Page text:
A. Duplicate-Detection Assignment For infrastructure-based mobile network such as Mobile IPv6 and NEMO, a mobile node configures its IP address through IPv6 Stateless Autoconfiguration [9], a standard address assignment mechanism for IPv6 devices. IPv6 nodes configure their own IP addresses based on prefix information sent by IPv6 routers. To ensure the new address is unique within the network, a message is sent to all devices in the network asking if anyone is using this address. If there is no answer within a specified interval, the address is assumed unique. This test process is referred to as the duplicate address detection or DAD. The standard IPv6 stateless autoconfiguration must wait for a timeout (1000 ms by default) to confirm address uniqueness. Such delay is interruptive and undesirable. There are other proposals aiming to reduce DAD delay for Mobile IPv6 networks, such as Optimistic DAD [10], Advanced DAD [11], Proactive DAD [12], and MLD-DAD [13]. However, all of these solutions require a centrally assigned prefix, thus not applicable to stand-alone MANETs. IETF MANET working group also defines a stateless address autoconfiguration based on DAD for stand-alone MANETs. Nodes randomly choose an address within a special prefix 169.254/16 (for IPv4) and fec0:0:0:ffff::/96 (for IPv6) [14]. This solution does not provide a globally reachable address. Moreover, it cannot guarantee uniqueness when partitioned networks merge later. MANETconf [15] develops this concept further to allow MANET partitioning and merging. A new node obtains configuration information from a configured neighbor (initiator). An initiator chooses an address and performs DAD on behalf of the new node. Each node keeps a list of all assigned addresses in its MANET. This solution manages merger and partitions with network identifier. Another technique for MANET address autoconfiguration is passive DAD. Passive DAD [16], DAD-OLSR [17] and NOA-OLSR [17] passively detect address duplication by monitoring routing protocol messages. The disadvantage is that they depend heavily on routing protocols. B. Duplicate-Free Address Assignment Duplicate-free address assignment allocates an unused IP address to a new node. This is achieved by maintaining stateful address configuration. DHCPv6 is an example of stateful address configuration for IPv6 where a central server manages the address pool. Distributed DHCP lets multiple servers manage disjoint address pools. These solutions do not scale well in MANET scenarios. It is impractical to have a DHCP server in each MANET because MANETs are dynamic and infrastructure-less. Dynamic Configuration and Distribution Protocol (DCDP) [19] automates distribution of IP address pools by allocating a disjoint block of IP addresses to each node. Each node recursively allocates IP addresses from its block to a new node. Therefore, each node maintains no state beyond its own configuration pool. DCDP is designed for hardwired networks. The Buddy system in [20] develops the DCDP idea to support MANET. Each node uses binary splits to give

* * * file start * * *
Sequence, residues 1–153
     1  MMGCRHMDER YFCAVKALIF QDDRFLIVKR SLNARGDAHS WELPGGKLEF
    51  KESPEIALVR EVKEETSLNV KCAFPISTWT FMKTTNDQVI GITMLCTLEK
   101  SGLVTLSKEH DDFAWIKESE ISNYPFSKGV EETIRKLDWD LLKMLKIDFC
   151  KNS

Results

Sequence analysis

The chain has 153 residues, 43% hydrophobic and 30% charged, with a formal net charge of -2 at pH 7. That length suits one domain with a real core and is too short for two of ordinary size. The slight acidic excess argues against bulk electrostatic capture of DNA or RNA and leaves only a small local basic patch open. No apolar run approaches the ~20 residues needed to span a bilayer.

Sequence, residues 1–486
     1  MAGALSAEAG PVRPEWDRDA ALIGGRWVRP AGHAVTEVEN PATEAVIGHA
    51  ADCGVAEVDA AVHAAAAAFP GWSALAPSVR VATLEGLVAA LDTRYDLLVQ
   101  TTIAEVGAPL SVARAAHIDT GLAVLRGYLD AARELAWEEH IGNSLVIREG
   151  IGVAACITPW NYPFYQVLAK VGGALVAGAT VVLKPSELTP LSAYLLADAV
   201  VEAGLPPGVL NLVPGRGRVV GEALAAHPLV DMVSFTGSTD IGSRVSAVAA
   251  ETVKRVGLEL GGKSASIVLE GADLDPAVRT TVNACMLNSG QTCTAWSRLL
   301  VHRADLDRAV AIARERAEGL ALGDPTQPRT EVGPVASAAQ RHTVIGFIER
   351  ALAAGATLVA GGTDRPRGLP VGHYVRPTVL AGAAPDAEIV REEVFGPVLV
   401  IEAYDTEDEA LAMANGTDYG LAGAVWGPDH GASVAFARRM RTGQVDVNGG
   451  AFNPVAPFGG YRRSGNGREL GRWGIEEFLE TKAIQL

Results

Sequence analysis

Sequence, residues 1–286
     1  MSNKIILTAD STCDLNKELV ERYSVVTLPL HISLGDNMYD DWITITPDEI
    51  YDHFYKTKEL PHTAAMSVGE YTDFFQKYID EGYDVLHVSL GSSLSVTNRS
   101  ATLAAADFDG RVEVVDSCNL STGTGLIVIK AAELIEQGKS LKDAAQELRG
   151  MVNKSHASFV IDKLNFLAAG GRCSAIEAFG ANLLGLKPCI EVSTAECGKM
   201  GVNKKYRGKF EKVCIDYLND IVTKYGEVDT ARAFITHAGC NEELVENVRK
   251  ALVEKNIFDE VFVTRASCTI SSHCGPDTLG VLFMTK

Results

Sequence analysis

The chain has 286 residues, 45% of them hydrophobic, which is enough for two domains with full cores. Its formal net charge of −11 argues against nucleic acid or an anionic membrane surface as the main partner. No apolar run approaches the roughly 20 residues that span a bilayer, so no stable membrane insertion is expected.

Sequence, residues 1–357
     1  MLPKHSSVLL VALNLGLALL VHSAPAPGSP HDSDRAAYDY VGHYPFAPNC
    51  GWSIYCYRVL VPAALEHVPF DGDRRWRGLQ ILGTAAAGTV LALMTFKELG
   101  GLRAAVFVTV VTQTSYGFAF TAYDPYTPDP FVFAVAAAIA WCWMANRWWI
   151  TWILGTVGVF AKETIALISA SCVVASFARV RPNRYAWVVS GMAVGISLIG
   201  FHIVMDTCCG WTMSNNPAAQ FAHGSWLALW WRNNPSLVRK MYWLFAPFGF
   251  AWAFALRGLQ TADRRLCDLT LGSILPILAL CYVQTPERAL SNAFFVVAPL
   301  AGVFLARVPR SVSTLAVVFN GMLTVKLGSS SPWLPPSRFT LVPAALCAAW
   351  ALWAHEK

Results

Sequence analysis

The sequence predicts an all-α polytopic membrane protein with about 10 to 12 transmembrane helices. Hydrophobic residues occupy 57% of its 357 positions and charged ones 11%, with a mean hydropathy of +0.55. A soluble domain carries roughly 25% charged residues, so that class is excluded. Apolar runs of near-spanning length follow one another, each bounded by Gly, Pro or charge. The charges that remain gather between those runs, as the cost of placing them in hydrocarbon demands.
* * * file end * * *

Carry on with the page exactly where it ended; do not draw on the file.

half of its address block to new nodes. Nodes synchronize IP address list to detect leaks and claim unused addresses. Other duplicate-free address allocation techniques are Prophet [21] and RSVconf [22]. Prophet partitions address range into disjoint subsets, and allocate a random subset to a new node. The address range is generated by a clever arithmetic function. Prophet does not guarantee a unique address sequence. However, each node will know its allocation sequence beforehand. Thus conflicts can be resolved in advance. RSVconf uses stateful address configuration. It keeps a list of addresses in use at distributed proxy servers. A new node selects a proxy to obtain an IP address. AddrReservation is broadcasted to all nodes. Each node can have a global view of the network. One disadvantage of duplicate-free address assignment is state synchronization and maintenance. This might be costly in a mobile network with a large number of nodes. However, the benefit of quick assignment without DAD makes duplicate-free assignment attractive. III.


The system scenario considered in this project consists of integration of NEMOs, MANETs, and normal IPv6 networks coexisting in one area as depicted in Figure 1. This scenario could represent communication of rescue workers both on ground and on rescue vehicles.

Figure 1 Our heterogeneous mobile network scenario In this scenario, a cluster of mobile network nodes (MNNs) can move as a whole with access to Internet infrastructure via a mobile router (MR) using the NEMO protocol. Examples of NEMO are Personal Area Network (i.e., a rescue worker could carry many devices such as a video camera, a GPS device and a laptop) and vehicle-based networks (i.e., a team of rescue workers could travel in the same rescue vehicle). One mobile network can be nested inside another mobile network (i.e., workers with PANs travel on the same vehicle), in which case it is called nested NEMO. In addition, multiple NEMOs can also communicate among each other either through the Internet infrastructure, or directly using a MANET protocol (i.e., rescue workers of one vehicle can communicate with rescue workers of another vehicle). This combination of network technologies is an example of MANEMO. This type of network could describe a disaster relief system we intend to.